Von Falkenhausen raced his AFM 47 Intertyp to the 1,500cc sports car championships in 1947 and ’48, the year the photo below was taken, then built his first single-seater for 1949. He won with his AFM 49 F2 at the Norisring, but more importantly let Hans Stuck have a go in it. Stuck was so impressed that he ordered one of his own, making von Falkenhausen a constructor as well as a racer. How good was the AFM 49? Good enough to let Stuck beat the Ferraris of Alberto Ascari and Juan Manuel Fangio in the Italian GP at Monza in 1950.
DESPITE THE TECHNICAL EXCELLENCE of his cars, von Falkenhausen’s AFM operation was chronically underfunded. Let down by investors, he ran out of money and closed up shop in 1952. He continued racing and rallying his 328, DNF’ing the Munich-Riem race, racing to an unknown position at Avus and winning his class in the Austrian Alpine Rally before selling it to Joseph Hilton of Hoboken, New Jersey in late 1953 or 1954. (If anyone knows what became of Hilton’s 328, please let us know!)
In addition to #70003, von Falkenhausen also modified 507 #70145 for hillclimb racing, and his old friend Hans Stuck drove it to seven wins in 1959.
BMW DIDN’T BUILD any truly race-worthy cars in the early years of von Falkenhausen’s return, and in the absence of his faithful 328 he and Kitty went rallying instead, using whatever happened to be available. In the photo above, he’s driving a 502 sedan in the 1955 Austrian Alpine Rally with Kitty navigating; the von Falkenhausens finished second in their class. He also raced the 502 to a class win at the Wallberg hillclimb that year.
THE ARRIVAL OF BMW’S 700 COUPE gave von Falkenhausen a sportier car to rally and race. In the photo below, he’s drifting a 700 around a corner on the Crbo pass in Yugoslavia during a hillclimb race in 1960; he’d also drive in the Grand Canary rally that year, winning the sedan class. Von Falkenhausen also became the first driver ever to roadrace a 700 when he entered one in the Pferdsfeld Races in March 1960, and he’d race a 700 to second in class at the Norisring that September. He kept racing the 700 (and its RS derivative) through 1964, winning the Coupe de Salon in 1962 and the sport-prototype class at Neubiberg in 1964. Von Falkenhausen was 57 years old, but he wasn’t done yet!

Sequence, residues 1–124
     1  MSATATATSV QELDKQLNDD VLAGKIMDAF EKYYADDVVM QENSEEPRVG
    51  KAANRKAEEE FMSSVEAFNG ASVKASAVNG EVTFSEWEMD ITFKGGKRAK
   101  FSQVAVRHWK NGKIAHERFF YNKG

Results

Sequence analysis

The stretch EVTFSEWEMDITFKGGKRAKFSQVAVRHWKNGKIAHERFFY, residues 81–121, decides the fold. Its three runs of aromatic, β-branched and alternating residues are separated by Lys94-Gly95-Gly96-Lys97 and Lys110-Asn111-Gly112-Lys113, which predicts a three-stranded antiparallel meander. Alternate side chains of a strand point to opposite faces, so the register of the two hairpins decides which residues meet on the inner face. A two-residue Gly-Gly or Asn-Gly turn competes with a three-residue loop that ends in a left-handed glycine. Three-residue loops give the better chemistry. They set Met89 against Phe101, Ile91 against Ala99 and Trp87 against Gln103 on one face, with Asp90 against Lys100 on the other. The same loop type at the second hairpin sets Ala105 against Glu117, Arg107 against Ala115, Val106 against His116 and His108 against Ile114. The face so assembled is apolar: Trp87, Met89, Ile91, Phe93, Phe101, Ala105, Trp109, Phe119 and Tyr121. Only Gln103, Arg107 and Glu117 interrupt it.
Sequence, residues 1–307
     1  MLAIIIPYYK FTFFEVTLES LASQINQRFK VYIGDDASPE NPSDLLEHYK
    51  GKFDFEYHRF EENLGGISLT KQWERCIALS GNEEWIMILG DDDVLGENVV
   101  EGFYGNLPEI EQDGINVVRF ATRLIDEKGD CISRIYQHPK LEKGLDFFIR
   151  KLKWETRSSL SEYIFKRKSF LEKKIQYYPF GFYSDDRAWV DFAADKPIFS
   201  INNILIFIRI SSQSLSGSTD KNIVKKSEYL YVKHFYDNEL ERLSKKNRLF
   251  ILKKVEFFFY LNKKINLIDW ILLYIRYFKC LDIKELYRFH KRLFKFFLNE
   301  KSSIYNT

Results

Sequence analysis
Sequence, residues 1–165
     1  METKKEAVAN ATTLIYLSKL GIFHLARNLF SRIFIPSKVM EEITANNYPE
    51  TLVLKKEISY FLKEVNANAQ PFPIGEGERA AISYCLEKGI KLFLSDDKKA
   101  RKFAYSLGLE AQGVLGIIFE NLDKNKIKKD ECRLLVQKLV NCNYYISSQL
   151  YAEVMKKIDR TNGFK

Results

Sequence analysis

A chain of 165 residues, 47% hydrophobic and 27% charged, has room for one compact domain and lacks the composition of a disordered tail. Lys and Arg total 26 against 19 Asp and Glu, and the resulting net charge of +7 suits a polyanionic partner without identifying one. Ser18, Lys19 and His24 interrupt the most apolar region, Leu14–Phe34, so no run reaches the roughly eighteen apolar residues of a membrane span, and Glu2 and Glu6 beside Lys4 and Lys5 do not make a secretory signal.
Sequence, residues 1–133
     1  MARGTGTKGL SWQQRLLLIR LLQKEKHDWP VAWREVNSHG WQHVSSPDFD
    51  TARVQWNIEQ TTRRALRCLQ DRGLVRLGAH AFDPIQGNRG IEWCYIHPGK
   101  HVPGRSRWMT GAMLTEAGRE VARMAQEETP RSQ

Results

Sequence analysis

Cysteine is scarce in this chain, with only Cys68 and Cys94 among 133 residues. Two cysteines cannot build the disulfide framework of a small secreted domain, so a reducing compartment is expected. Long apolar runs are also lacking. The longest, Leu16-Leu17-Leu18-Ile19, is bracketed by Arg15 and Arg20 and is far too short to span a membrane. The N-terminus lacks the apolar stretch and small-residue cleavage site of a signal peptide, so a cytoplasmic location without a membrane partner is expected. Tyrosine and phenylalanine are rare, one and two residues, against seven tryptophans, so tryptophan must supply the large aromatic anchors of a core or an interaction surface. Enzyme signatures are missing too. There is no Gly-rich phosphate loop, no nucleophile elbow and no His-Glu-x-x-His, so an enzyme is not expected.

HE’D BEEN IN CHARGE of BMW’s engine development since 1957, and he designed the M10 engine that was destined to become a mainstay of BMW’s production-car lineup. In typical von Falkenhausen fashion, the M10 was overengineered, which allowed it to serve reliably as the basis for BMW’s Formula 2 engines. The first of these used the innovative but complex cylinder head designed by Ludwig Apfelbeck atop a 2.0-liter M10 block. The engine was installed in a Brabham BT7 F2 chassis, and von Falkenhausen was the first to take it for a drive on BMW’s in-house test track.
The records were short lived, and when he failed in his attempt to defend them against Carlo Abarth at Monza that December, he hung up his helmet for good. He was 59 years old, and he’d stay on as head of BMW’s engine department for another nine years before retiring in 1975 as BMW’s oldest employee.
EVEN IN HIS RETIREMENT, von Falkenhausen remained an enthusiastic supporter of BMW’s racing activities, turning up in his familiar Motorsport jacket to cheer on the F2 and sports car teams led by Paul Rosche, his successor as head of the racing engine department, as well as his son-in-law, BMW factory driver Dieter Quester. He took long drives around Europe with Kitty, went boating in the Adriatic and skied enthusiastically, as well.